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Ex-LPL advisor gets 20 years for fraud ahead of SEC, arbitration cases

LPL Financial and a former advisor who pleaded guilty to theft and securities fraud must pay at least $3.7 million in disgorgement and arbitration settlements — but the total could climb above $11 million.

Terminated ex-advisor Sonya D. Camarco received a 20-year prison sentence in late September, after a grand jury in Colorado charged her with diverting more than $1.8 million of her clients’ money toward her personal use. FINRA has barred Camarco, 47, and the SEC has filed a civil case against her as well.

Camarco “perpetrated an extraordinarily egregious fraud” through the use of unauthorized withdrawals and forged checks, according to the SEC’s case. The civil filing and a pending FINRA arbitration claim by a client seeking more than $5.9 million will decide the final total payments owed by LPL and Camarco.

LPL regulatory expenses

LPL detected the fraud in July 2017, when its special investigations unit probed a suspicious check drawn from a client’s account, according to the Colorado Attorney General’s Office. Camarco spent her clients’ money on credit card expenses, cars, real estate properties and taxes, the state’s investigators say.

“This sentencing sends a clear message that fraud committed by securities professionals will be prosecuted and punished,” state Attorney General Cynthia Coffman said in a statement.

Clashes over the Labor Department's fiduciary rule have carried over into the debate on the SEC's proposed regulation.
August 14

Camarco’s criminal lawyer didn’t respond to requests for comment. Her lawyer in the SEC case said he could not comment before discussing the matter with his incarcerated client. The formerly Colorado Springs-based Camarco is serving time in the Denver Women's Correctional Facility.

Representatives for LPL didn’t respond to requests for comment. Firms often pay settlements and judgements in FINRA arbitration claims involving advisors accused of fraud, but the claims and settlements aren’t public.

In their July claim seeking $5.9 million, Camarco’s former clients allege misappropriation of funds, according to her FINRA BrokerCheck file. Other past clients have won seven settlements for a combined $1.87 million following claims of misrepresentation, breach of fiduciary duty and other allegations.

Camarco stole money from at least 16 clients — the majority of them older women and their families — according to an SEC filing in the civil case. The regulator is seeking disgorgement of $1.5 million, noting that a five-year statute of limitations applies, although investigators say the fraud lasted 13 years.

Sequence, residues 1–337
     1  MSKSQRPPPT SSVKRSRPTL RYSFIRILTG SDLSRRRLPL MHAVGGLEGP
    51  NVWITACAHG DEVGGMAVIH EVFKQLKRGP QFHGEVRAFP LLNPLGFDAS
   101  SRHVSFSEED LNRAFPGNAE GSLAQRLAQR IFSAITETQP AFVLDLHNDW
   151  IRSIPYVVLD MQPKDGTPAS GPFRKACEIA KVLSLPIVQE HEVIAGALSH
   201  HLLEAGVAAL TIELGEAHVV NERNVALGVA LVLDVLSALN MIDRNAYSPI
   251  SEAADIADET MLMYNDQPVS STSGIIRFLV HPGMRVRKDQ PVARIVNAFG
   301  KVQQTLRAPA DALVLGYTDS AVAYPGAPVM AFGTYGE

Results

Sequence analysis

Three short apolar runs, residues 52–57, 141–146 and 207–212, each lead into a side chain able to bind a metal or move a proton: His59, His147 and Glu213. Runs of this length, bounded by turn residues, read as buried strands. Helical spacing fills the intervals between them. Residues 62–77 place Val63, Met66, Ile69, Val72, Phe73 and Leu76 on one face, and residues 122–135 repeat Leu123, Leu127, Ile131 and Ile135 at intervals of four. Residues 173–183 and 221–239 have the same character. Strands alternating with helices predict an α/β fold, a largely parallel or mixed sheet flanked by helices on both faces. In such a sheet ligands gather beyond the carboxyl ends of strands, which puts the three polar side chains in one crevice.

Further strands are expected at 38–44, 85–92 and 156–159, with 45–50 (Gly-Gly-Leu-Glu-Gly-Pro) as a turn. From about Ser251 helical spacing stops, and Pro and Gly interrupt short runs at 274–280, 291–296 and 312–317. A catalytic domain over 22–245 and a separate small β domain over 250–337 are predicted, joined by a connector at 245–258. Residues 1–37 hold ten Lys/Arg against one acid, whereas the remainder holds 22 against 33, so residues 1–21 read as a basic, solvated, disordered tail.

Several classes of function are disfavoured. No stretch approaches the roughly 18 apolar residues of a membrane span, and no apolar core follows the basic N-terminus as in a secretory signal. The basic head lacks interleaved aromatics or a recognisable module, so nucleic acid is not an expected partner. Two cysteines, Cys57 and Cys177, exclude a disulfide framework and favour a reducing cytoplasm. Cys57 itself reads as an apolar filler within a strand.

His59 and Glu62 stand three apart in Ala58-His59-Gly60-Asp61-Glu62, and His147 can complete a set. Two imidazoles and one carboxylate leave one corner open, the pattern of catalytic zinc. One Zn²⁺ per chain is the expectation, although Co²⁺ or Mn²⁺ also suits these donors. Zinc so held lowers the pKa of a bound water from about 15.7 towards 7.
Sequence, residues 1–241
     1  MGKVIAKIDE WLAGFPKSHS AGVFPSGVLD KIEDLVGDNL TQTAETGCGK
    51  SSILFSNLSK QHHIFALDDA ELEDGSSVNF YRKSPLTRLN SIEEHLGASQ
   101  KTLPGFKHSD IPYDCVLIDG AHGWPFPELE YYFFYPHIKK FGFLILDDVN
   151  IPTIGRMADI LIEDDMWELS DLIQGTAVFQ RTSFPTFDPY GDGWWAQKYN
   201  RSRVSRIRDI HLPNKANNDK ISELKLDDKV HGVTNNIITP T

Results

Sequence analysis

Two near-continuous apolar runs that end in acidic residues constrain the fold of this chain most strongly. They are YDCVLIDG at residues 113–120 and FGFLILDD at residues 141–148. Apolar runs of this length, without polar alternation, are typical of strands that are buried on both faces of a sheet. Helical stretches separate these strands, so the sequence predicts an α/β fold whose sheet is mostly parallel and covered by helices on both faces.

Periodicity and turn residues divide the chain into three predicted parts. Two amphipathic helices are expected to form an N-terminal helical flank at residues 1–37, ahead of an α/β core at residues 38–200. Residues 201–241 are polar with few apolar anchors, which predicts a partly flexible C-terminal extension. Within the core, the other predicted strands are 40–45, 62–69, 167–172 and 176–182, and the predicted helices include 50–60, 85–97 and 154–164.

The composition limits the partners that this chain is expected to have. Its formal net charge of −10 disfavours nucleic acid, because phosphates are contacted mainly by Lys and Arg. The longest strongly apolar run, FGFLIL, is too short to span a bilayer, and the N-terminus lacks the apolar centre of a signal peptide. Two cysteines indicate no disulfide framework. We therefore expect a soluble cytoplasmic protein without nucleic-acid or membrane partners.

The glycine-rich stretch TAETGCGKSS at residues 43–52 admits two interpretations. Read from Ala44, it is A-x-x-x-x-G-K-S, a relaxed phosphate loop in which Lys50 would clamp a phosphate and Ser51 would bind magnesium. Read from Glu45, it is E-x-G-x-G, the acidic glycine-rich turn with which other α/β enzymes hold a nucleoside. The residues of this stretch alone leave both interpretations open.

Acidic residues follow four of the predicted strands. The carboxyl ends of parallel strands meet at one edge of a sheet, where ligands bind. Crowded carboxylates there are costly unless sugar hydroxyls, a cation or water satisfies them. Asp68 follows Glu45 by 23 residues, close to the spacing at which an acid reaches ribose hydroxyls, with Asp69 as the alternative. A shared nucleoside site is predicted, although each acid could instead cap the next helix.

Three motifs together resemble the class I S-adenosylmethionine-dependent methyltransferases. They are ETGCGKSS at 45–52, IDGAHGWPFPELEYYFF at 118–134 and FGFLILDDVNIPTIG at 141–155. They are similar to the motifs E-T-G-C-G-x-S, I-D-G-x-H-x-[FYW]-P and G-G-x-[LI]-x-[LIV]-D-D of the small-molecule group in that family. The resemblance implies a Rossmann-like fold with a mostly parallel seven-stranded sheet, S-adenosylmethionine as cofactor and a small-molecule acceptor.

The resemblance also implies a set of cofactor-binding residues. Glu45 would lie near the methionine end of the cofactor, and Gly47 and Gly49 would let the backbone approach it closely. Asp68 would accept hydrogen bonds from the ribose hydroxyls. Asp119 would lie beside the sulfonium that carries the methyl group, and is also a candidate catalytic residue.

The clients’ money paid for an “extravagantly lavish lifestyle, including luxury trips to New Zealand and Hawaii, hundreds of thousands of dollars spent on art, horses, and high-end furnishings, and multiple houses and vacation homes,” the regulator said in a motion for summary judgment in September.

Camarco_Sonya_LPL_Mugshot

In an Oct. 26 filing in response to the SEC’s motion, Camarco did not contest the regulator’s calculation of the disgorgement at $1.5 million. However, she did dispute the allegation her family benefited from the fraud, noting as an example that she used $12,000 from her own IRA to buy a $19,000 piano.

Camarco believes that, “based on the magnitude of her criminal sentence and the commission’s prior practices with respect to similar parallel cases, there is a substantial possibility that the commission will ultimately refrain from seeking civil monetary penalties with respect to her,” her filing states.

A judge in Colorado’s federal district court will rule on the SEC’s motion and a motion by Camarco’s husband Paul after more filings this week, according to her husband’s lawyer, Paul Hugel. Camarco’s husband seeks to remove himself and the Camarco Living Trust from responsibility for any disgorgement.

“The fraud consisted of Sonya Camarco stealing money from client accounts that she managed,” according to Paul Camarco’s motion. “Relief defendants Paul Camarco and CLT are not alleged to have participated in this fraud in any way or to have had any knowledge of it.”

Sonya Camarco pleaded guilty in the criminal case to one count each of securities fraud and theft over $100,000, receiving 10 years in prison for both charges. She will also serve 20 years of probation at the same time for one count of filing false tax returns, according to state authorities.

She won’t appear before a parole board until April 2028, and the current sentence will run until 2038, state inmate records show. Camarco’s civil lawyer, Kenneth Harmon, has also filed an unopposed motion to donate her three horses and a mini donkey to an animal rescue group.

Securities representatives accused of stealing clients’ funds are “a top enforcement priority for us,” according to Colorado Securities Commissioner Gerald Rome.

“Professionals who hold these trusted positions, but who nevertheless commit these types of crimes should know that the resulting penalty will be severe,” Rome said in a statement.

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